And for some of the 80 China-based companies now operating in Canada, business also remains lucrative despite Tiananmen. Shu Mei Weng, general manager of the Toronto-based real estate developer Great Wall International Investment (Canada) Ltd., said that her company recently completed a townhouse development in Richmond, B.C., and that 22 of the 30 units will be sold by next month. And the company, which is one of 180 subsidiaries of the state-run Shezhen Special Economic Zone Development Co., will begin constructing a 350-unit, three-tower condominium development in Burnaby, B.C., in August worth between $60 million and $65 million, with presale of the units to begin in April.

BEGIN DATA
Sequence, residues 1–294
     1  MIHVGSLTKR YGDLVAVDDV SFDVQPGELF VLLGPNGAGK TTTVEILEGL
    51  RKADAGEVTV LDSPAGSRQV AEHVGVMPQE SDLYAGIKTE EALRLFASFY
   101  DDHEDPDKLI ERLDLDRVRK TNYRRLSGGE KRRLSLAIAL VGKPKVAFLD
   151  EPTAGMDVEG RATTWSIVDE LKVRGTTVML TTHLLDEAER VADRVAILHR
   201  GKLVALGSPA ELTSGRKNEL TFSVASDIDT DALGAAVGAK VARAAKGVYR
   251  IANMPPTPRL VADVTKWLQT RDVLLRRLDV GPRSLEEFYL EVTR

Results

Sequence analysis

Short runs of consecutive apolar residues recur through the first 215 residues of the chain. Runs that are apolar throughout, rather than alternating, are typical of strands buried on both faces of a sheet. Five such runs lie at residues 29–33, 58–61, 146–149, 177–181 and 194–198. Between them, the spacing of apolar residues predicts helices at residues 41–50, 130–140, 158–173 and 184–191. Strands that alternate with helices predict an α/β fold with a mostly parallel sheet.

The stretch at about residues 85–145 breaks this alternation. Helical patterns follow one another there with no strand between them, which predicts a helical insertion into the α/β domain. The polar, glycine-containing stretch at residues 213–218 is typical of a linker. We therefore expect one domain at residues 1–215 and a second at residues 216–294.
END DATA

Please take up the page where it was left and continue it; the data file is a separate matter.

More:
In fact, Weng says that the only change that Great Wall has encountered in doing business in the past year is in the cautious attitude of others. “As time goes by,” she added, “clients will see that we do not represent the government and learn to treat us as a business.” Another China-based company, China State Construction Engineering Corp., put up half of the $100-million investment to develop hotelier Braida’s Chestnut Park Hotel in Toronto’s downtown Chinatown area in order to learn how to build sophisticated Western-style hotels at home in China. The hotel is now thriving, and is actually used as a training facility where young Chinese men and women who want careers in the Chinese hotel business come to learn their trade. Braida is also negotiating with Chinese partners to build other hotels, one near Toronto’s international airport, and another in Shanghai. Other businesses with Chinese owners also say that Tiananmen has not adversely affected their foreign operations. Celgar Pulp Co., jointly owned by CITIC B.C. Inc., a subsidiary of Beijing-based China International Trust & Investment Corp., along with Canadian interests, announced last October that it will double the capacity of the pulp mill that it owns in Castelgar, B.C. Plans call for a $630-million expansion that will allow it to boost production to 420,000 tons of pulp a year from the current 185,000 tons.